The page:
The name Togo is translated from the Ewe language as “land where lagoons lie”.1. The Ewe are perhaps the largest of about 30 ethnicities inhabiting Togo.
The Portuguese arrived in 1490, two years before Columbus set sail to the West, and, thus, just on the cusp of the colonial age. In a few short decades the colonial era took off, and with it, the Atlantic Slave Trade. Togo and its neighboring regions earned the infamous name “The Slave Coast”.
The Map below is found in the Wikipedia article on the Slave Coast of Africa.2 Outlined in yellow towards the left of the map is Togoland, the name given to Togo during the period in which it was a German protectorate. The concave Atlantic Coast below is known as The Bight of Benin and bears the name Slave Coast in this map.
Togoland became a German protectorate following the Berlin Conference of 1884, which effectively launched the Scramble for Africa.3 Just about a decade prior to the Berlin Conference, about 10% of Africa was under formal European control. It was about 90% under formal European control about 3 decades after the conference. During those few decades, European governments channeled their national ambitions and martial energies into Africa. But they weren’t exhausted as evidenced by WWI.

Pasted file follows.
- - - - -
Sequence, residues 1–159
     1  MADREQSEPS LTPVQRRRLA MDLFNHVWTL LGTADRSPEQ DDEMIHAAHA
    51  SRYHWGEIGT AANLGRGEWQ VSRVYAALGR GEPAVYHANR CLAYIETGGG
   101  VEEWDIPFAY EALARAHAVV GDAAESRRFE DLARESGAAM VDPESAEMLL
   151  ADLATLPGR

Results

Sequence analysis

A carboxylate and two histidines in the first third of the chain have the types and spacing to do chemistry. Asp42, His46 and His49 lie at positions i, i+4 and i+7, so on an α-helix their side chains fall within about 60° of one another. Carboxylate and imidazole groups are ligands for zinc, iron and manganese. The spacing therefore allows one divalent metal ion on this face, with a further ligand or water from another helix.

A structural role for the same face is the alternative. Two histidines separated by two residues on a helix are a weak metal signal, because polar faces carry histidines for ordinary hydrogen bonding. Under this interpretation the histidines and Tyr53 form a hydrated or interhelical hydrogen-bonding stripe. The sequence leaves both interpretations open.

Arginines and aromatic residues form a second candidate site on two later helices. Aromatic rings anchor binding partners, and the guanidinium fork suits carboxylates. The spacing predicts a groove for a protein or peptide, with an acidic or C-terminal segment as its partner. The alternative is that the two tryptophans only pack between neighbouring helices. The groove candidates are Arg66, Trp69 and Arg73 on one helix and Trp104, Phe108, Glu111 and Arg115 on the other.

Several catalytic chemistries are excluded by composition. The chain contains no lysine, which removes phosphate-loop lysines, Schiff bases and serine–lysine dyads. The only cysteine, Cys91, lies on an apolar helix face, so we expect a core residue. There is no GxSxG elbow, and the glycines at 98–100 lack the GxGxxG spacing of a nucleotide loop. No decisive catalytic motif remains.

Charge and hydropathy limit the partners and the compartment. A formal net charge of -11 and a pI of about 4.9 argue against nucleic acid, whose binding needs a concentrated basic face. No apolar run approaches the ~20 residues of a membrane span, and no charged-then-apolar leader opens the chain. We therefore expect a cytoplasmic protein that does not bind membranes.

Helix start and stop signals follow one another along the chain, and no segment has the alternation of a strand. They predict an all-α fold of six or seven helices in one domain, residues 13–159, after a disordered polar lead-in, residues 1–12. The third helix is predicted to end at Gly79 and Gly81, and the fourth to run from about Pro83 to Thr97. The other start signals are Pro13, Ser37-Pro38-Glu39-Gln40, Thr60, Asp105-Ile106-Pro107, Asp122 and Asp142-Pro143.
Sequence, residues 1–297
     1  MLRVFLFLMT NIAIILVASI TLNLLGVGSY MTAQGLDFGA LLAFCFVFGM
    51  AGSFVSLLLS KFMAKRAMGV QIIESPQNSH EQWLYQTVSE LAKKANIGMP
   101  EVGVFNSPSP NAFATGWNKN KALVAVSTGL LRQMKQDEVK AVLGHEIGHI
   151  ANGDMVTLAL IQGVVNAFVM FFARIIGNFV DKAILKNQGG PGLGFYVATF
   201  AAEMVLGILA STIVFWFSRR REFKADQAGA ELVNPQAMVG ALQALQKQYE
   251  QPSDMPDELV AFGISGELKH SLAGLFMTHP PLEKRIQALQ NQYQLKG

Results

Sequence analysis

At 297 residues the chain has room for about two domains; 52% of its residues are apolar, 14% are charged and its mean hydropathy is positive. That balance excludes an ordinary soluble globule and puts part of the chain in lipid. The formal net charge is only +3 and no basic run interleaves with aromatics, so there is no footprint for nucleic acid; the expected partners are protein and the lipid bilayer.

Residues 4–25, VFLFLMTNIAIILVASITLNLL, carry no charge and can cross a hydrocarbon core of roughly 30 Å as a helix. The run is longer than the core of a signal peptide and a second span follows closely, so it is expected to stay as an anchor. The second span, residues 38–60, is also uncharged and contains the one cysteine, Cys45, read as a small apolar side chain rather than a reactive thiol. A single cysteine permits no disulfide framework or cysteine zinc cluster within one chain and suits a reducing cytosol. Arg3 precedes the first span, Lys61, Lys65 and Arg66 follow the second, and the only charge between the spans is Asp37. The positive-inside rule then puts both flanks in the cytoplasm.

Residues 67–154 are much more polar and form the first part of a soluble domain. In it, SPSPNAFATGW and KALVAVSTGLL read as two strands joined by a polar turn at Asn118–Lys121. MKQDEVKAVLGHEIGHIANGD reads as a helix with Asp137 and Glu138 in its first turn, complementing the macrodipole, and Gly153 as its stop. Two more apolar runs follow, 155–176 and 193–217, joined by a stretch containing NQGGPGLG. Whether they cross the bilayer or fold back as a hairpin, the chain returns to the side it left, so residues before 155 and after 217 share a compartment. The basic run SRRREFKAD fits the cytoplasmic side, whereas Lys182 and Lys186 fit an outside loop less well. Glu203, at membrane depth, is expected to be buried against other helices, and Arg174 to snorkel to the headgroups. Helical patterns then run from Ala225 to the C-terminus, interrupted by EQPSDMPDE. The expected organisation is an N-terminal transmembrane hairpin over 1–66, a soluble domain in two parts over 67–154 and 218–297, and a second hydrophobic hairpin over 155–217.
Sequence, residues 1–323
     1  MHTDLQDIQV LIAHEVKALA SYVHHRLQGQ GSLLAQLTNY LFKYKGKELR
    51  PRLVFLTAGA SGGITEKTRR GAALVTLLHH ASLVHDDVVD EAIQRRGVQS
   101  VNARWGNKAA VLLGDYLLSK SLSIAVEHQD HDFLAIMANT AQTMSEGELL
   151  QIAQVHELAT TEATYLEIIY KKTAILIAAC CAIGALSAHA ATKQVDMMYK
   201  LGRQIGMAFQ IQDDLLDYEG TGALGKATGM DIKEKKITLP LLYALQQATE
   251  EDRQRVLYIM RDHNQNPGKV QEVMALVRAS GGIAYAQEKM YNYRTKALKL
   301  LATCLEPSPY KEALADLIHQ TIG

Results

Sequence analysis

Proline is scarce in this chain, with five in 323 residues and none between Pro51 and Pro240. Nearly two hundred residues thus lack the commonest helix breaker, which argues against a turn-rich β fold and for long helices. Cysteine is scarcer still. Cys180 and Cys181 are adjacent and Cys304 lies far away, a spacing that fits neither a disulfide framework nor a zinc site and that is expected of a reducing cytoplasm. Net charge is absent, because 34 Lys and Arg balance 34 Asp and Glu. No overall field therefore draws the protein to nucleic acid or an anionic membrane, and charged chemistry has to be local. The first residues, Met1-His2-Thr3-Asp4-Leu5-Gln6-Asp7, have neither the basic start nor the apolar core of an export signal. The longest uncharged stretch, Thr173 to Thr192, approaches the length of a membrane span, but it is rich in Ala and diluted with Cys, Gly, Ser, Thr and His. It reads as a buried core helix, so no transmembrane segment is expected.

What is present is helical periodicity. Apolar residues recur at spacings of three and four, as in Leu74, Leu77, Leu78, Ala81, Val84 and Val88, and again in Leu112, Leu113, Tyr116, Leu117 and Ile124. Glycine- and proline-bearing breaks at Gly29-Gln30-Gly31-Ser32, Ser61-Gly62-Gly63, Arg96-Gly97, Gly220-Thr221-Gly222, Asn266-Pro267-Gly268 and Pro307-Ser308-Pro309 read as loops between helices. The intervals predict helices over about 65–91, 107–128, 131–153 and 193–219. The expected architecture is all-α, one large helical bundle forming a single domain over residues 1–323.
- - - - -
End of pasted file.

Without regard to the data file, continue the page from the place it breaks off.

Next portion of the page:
The German protectorate was invaded and taken by French and British forces early in WWI and subdivided into British Togoland and French Togoland.